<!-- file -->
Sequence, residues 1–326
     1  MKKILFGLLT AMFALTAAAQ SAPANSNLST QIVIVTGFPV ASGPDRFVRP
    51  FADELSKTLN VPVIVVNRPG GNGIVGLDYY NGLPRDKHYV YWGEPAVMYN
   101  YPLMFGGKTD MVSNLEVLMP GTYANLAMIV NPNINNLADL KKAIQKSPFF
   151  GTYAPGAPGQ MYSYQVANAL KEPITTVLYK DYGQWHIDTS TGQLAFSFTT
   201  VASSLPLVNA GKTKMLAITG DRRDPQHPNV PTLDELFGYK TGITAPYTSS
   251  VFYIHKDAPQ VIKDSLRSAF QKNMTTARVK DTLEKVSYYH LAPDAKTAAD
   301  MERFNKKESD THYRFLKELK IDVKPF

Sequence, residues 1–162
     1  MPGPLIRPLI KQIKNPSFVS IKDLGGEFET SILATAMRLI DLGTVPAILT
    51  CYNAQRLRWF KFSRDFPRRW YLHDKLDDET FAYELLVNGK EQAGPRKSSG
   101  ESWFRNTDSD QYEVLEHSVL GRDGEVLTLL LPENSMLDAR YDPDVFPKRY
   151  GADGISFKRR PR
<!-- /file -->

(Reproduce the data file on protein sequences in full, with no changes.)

Sequence, residues 1–326
     1  MKKILFGLLT AMFALTAAAQ SAPANSNLST QIVIVTGFPV ASGPDRFVRP
    51  FADELSKTLN VPVIVVNRPG GNGIVGLDYY NGLPRDKHYV YWGEPAVMYN
   101  YPLMFGGKTD MVSNLEVLMP GTYANLAMIV NPNINNLADL KKAIQKSPFF
   151  GTYAPGAPGQ MYSYQVANAL KEPITTVLYK DYGQWHIDTS TGQLAFSFTT
   201  VASSLPLVNA GKTKMLAITG DRRDPQHPNV PTLDELFGYK TGITAPYTSS
   251  VFYIHKDAPQ VIKDSLRSAF QKNMTTARVK DTLEKVSYYH LAPDAKTAAD
   301  MERFNKKESD THYRFLKELK IDVKPF

Sequence, residues 1–162
     1  MPGPLIRPLI KQIKNPSFVS IKDLGGEFET SILATAMRLI DLGTVPAILT
    51  CYNAQRLRWF KFSRDFPRRW YLHDKLDDET FAYELLVNGK EQAGPRKSSG
   101  ESWFRNTDSD QYEVLEHSVL GRDGEVLTLL LPENSMLDAR YDPDVFPKRY
   151  GADGISFKRR PR